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Birds in Leard State Forest/SCA

To compare the interactive map above with the status in October 2012 (including the big, ugly hole), click HERE.

In Leard State Forest/State Conservation Area, a large remnant of sclerophyll woodland near Maules Creek, NSW, the following bird species were spotted by R. Druce and ourselves from October 2012 until now. They are listed here in four categories, according to the timing of their sightings. In some cases the categorisation indicates a trend. Bird species that are listed as Vulnerable or Endangered are marked as such.

Bird species seen breeding in Leard State Forest/State Conservation Area (with at least a photo of a nest or nest entrance) are marked with a clickable superscript "N", leading to the relevant breeding information.

This list also contains the results of bird surveys conducted in the Leard State Forest/State Conservation Area by the Wilderness Society since May 2014.

Leard State Forest is listed as a "birding hotspot" on ebird.org .

Any time of year Spring & summer Autumn & winter Irregular or infrequent
Brown Quail

Black Kite

Wedge-tailed Eagle

Whistling Kite

Black-shouldered Kite

Nankeen Kestrel

Brown Falcon

Masked Lapwing

Crested Pigeon

Common Bronzewing

Peaceful Dove

Bar-shouldered Dove

Galah

Sulphur-crested Cockatoo

Little Corella

Cockatiel

Turquoise Parrot V

Red-rumped Parrot

Blue Bonnet

Eastern Rosella

Australian King-Parrot

Red-winged Parrot

Australian Ringneck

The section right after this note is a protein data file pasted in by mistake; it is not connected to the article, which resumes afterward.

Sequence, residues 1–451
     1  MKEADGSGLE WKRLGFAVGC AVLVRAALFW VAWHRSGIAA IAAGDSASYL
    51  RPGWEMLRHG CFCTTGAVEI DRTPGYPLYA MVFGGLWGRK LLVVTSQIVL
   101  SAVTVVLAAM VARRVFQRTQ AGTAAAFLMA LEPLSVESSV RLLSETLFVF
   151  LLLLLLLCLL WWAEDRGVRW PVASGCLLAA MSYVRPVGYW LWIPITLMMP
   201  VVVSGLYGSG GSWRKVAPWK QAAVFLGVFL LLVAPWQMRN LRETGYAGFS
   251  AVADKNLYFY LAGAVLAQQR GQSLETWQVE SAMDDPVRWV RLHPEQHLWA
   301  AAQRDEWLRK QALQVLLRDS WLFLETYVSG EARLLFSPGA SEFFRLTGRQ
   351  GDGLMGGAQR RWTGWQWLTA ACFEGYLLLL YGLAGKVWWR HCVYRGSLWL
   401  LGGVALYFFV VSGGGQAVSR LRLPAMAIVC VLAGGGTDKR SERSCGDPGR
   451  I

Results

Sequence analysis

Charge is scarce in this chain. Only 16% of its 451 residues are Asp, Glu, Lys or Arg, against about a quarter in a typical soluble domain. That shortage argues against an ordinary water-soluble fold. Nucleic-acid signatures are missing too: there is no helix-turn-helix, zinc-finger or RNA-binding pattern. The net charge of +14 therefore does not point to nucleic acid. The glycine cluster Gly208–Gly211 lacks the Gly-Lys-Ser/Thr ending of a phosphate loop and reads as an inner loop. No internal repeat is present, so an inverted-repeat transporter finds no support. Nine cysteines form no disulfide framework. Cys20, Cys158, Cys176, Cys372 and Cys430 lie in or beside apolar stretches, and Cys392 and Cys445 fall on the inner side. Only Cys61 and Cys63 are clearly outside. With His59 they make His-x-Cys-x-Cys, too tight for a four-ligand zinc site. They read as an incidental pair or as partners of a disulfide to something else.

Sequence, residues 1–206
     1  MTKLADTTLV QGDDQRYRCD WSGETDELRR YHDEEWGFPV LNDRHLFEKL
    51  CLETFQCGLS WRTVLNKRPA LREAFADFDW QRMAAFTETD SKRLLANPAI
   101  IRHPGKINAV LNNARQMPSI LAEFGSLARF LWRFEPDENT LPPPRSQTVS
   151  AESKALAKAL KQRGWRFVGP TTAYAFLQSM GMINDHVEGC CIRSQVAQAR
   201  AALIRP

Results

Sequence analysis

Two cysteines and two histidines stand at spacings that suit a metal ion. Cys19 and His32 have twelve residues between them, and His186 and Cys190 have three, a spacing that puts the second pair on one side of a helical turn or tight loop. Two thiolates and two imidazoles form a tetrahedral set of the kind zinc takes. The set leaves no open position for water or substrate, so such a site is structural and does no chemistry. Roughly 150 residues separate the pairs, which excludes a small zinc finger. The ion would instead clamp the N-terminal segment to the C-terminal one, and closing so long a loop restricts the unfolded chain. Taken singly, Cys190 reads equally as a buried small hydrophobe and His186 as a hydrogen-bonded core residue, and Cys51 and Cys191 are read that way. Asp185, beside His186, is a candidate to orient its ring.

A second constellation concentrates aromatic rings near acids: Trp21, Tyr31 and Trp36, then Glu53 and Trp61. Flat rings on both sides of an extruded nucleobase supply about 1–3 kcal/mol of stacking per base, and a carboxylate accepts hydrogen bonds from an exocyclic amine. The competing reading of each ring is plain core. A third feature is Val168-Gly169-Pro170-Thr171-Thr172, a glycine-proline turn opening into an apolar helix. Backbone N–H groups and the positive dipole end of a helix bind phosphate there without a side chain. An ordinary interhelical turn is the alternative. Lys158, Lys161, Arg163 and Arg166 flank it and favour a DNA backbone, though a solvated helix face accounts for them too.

Fan-tailed Cuckoo

Tawny Frogmouth

Southern Boobook

Australian Owlet-nightjar

Laughing Kookaburra

Brown Treecreeper V

White-throated Treecreeper

Superb Fairy-wren

White-winged Fairy-wren

Variegated Fairy-wren

Spotted Pardalote

Striated Pardalote

White-browed Scrubwren

Speckled Warbler V

Western Gerygone

Weebill

Yellow Thornbill

Yellow-rumped Thornbill

Inland Thornbill

Chestnut-rumped Thornbill

Noisy Friarbird

Little Friarbird

Noisy Miner

Spiny-cheeked Honeyeater

Striped Honeyeater

Singing Honeyeater

Blue-faced Honeyeater

White-plumed Honeyeater

Fuscous Honeyeater

Brown-headed Honeyeater

Brown Honeyeater

Eastern Yellow Robin

Jacky Winter

Red-capped Robin

Grey-crowned Babbler V

White-browed Babbler

Rufous Whistler

Golden Whistler

Grey Shrike-thrush

Eastern (Crested) Shrike-tit

Grey Fantail

Willie Wagtail

Restless Flycatcher

Magpie-lark

Black-faced Cuckoo-shrike

White-bellied Cuckoo-shrike

Cicadabird

Pied Butcherbird

Grey Butcherbird

Australian Magpie

Pied Currawong

Australian Raven

Apostlebird

White-winged Chough

Spotted Bowerbird

Australian Pipit

Double-barred Finch N

Zebra Finch

Plum-headed Finch

Welcome Swallow

Tree Martin

Mistletoebird

Rufous Songlark

Silvereye

Channel-billed Cuckoo

Horsfield's Bronze-Cuckoo

Shining Bronze-Cuckoo

Black-eared Cuckoo

Sacred Kingfisher

Dollarbird

White-throated Gerygone

Yellow-faced Honeyeater

Leaden Flycatcher

White-winged Triller

Olive-backed Oriole

Dusky Woodswallow

Masked Woodswallow

White-breasted Woodswallow

White-browed Woodswallow

Australian Wood Duck

Pied Cormorant

White-necked Heron

Straw-necked Ibis

Little Eagle V

Square-tailed Kite V

Collared Sparrowhawk

Australian Hobby

Spotted Harrier

Red-chested Button-quail

Diamond Dove

Glossy Black-Cockatoo V

Musk Lorikeet

Little Lorikeet V

Budgerigar

Painted Honeyeater

Hooded Robin V

Varied Sittella V

Restless Flycatcher

Diamond Firetail

Singing Bushlark

Fairy Martin

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Any time of year Spring & summer Autumn & winter Irregular or infrequent

This photo demonstrates the importance of surface water to local wildlife - three species of birds drinking from Lawler's Well, at the centre of Leard State Forest, near sunset at a time of drought, in November 2013: Common Bronzewing, Eastern Rosella and Australian King-Parrot (photo courtesy of R. Druce)